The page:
Newsquest has threatened the Liberal Democrats with an election news blackout over what it called an “outrageous” bid to pass off a campaign pamphlet as a local newspaper.
The party has defended the publication – entitled the Mid Hampshire Gazette – which had been produced in support of its candidate for Winchester Paula Ferguson.
He wrote: “This is outrageous [Lib Dems], passing yourselves off as the Gazette newspaper in same area as our Basingstoke Gazette.
“If this isn’t pulled I’ll advise all Newsquest editors not to publish any campaign news for your party in build-up to #GE2019.”
The company has since made an official complaint in a letter to the Lib Dems’ legal department, a copy of which has also been sent to the Electoral Commission.
It calls on the Lib Dems to cease publication of the Mid Hampshire Gazette immediately, destroy any remaining copies, and issue a public apology.
The letter states: “The publication flagrantly mimics for partisan political purposes the name, style, layout and content of an independent local newspaper.
“It is our belief that it is intended to mislead in an attempt to pass it off in the minds of readers as having an association with our own title or another independent newspaper.
“Newsquest Media Group does not authorise, sponsor, endorse or approve any Liberal Democrats’ publications. Indeed, its stated public stance at election time is one of editorial impartiality.
“Your publication therefore casts damaging and false imputations on Newsquest Media Group’s editorial independence and seriously undermines the relationship of trust and confidence between readers and local newspapers generally.”
A Liberal Democrat spokesperson responded to Toby’s comments by mistakenly describing him as the “Basingstoke editor.”
The spokesperson told HTFP: “This is the Basingstoke editor complaining about something that was not distributed anywhere near his circulation area.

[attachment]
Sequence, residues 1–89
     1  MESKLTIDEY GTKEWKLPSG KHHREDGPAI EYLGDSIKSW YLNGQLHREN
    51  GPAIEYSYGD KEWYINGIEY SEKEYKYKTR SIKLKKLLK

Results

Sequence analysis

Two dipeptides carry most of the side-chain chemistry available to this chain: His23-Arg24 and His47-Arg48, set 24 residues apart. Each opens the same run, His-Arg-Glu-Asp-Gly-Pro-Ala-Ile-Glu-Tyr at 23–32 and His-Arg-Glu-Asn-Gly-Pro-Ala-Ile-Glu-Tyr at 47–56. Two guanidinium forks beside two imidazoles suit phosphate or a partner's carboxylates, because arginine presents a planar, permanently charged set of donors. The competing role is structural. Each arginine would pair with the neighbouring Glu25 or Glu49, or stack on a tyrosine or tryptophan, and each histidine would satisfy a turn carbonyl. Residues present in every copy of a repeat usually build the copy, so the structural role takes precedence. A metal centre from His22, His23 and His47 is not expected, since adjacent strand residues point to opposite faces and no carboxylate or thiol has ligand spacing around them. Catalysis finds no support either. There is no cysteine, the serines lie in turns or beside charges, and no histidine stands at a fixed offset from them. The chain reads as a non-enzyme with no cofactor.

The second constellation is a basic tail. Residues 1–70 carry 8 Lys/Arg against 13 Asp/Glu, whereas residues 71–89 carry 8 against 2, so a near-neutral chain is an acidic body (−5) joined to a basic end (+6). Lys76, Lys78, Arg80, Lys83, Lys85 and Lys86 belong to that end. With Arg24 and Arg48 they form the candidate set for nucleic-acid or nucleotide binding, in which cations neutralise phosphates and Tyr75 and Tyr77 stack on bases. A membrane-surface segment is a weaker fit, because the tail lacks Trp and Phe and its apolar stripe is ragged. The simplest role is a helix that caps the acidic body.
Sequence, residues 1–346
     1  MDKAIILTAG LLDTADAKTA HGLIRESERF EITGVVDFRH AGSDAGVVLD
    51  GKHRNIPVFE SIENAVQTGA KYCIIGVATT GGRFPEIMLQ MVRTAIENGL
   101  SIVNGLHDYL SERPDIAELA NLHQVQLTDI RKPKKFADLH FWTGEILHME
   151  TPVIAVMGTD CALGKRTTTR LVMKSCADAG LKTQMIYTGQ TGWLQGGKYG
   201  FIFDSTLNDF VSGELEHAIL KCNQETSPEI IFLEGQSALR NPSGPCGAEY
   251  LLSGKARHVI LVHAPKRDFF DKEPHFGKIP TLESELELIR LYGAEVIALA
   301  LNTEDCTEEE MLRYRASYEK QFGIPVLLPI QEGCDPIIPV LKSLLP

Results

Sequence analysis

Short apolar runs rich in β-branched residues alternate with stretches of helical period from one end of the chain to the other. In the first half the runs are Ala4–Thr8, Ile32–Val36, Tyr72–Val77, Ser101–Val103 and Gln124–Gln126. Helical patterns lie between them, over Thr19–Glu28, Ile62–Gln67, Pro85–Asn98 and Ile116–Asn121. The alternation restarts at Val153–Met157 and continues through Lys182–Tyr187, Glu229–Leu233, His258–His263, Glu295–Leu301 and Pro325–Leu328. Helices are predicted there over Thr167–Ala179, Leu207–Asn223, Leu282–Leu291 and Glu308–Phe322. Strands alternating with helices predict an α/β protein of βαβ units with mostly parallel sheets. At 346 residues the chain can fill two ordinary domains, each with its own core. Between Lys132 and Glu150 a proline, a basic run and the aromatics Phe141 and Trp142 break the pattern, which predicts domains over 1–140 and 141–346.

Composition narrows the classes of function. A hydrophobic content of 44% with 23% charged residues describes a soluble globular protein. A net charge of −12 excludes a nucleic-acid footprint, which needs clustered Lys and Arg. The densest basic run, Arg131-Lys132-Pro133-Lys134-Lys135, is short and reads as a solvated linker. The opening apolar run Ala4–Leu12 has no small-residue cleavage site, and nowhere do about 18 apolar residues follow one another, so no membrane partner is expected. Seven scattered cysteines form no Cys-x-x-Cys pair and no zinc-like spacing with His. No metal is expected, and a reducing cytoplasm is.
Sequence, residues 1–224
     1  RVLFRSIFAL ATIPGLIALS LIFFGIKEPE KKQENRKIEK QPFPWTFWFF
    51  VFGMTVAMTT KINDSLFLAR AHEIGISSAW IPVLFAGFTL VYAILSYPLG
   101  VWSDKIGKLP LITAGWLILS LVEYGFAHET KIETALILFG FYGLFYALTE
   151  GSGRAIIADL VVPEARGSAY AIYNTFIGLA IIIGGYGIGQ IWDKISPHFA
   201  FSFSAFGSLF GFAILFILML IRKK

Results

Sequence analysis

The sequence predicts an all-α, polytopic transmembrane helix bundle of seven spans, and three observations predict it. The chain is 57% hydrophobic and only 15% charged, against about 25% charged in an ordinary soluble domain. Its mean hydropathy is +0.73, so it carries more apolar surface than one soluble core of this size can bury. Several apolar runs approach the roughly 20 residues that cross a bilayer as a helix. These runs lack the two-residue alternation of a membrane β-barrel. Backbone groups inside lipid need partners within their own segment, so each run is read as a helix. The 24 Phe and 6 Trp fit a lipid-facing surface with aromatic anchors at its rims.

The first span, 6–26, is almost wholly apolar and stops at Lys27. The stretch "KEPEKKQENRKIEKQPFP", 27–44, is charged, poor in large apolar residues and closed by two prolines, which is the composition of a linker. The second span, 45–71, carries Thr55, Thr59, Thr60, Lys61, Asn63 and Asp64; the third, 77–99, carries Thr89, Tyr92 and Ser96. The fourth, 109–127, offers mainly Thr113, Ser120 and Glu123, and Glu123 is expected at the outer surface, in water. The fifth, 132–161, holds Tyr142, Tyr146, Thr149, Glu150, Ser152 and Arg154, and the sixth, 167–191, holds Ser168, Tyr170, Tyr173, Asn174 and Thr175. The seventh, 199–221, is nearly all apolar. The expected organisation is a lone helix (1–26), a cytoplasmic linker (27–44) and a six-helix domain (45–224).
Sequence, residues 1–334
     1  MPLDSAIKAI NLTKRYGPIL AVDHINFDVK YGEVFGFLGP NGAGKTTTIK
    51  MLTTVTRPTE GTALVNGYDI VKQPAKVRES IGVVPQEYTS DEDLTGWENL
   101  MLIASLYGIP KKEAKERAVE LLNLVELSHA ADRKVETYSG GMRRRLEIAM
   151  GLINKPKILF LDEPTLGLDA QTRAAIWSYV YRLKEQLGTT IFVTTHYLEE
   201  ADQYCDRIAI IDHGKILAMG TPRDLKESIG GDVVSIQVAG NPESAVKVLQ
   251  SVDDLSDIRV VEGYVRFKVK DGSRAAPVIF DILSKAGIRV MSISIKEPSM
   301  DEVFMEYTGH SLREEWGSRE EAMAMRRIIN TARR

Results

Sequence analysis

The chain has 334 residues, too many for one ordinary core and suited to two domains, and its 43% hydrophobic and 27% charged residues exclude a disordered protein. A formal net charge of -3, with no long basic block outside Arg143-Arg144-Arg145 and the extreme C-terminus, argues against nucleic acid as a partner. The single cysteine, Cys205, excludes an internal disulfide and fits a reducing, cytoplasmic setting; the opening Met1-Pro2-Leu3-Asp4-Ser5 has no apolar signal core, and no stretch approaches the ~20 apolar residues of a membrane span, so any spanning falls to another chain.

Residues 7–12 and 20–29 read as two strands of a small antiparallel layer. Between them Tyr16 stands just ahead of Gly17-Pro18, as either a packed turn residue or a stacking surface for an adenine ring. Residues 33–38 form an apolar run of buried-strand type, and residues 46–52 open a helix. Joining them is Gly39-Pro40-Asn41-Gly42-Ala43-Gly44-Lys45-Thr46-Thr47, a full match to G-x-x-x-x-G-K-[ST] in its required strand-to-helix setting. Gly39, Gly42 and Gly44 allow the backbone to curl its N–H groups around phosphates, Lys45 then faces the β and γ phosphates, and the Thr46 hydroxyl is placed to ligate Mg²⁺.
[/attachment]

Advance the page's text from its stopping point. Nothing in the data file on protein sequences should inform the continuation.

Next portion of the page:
“As far as we know he has not contacted us directly and we will be happy to talk with him about this if he does.
“In the meantime, we remain committed to communicating with people, and tabloid newspapers has been one way of doing this employed by all political parties for decades.”
The NMA said: “Political parties should not be seeking to copy the look and feel of independent local newspapers with their campaign material.
“By scrutinising candidates on behalf of the public in communities across the UK, local news brands play a vital role in upholding democracy. Dressing up party political material as independent journalism undermines this and damages trust in both news media and politicians.”
Ian Murray, executive director of the Society of Editors, added: “It is ironic how it is often politicians who complain about fake news but then set out to at least blur the lines for readers – and in this case voters – by packaging their partial messages to ape independent newspapers.
“If political parties were genuine in their desire, often expressed, to both remove the effects of fake news and disinformation as well as support existing regional and local media they would take steps to ensure their political freesheets look markedly different to real newspapers.”
Jeremy wrote on Twitter: “In an age of fake news, this is outrageous and the media should take a stand against this practice.”
James cited a publication produced by the party which is circulating on his patch called the North West Leeds & Wharfedale News.
He said: “Dear people of North West Leeds and Wharfedale: this isn’t ‘news’ as the masthead suggests. It’s political propaganda imitating local newspapers in order to borrow the trusting relationships that titles like ours in this region have worked so hard to build up with you. #FakeNews”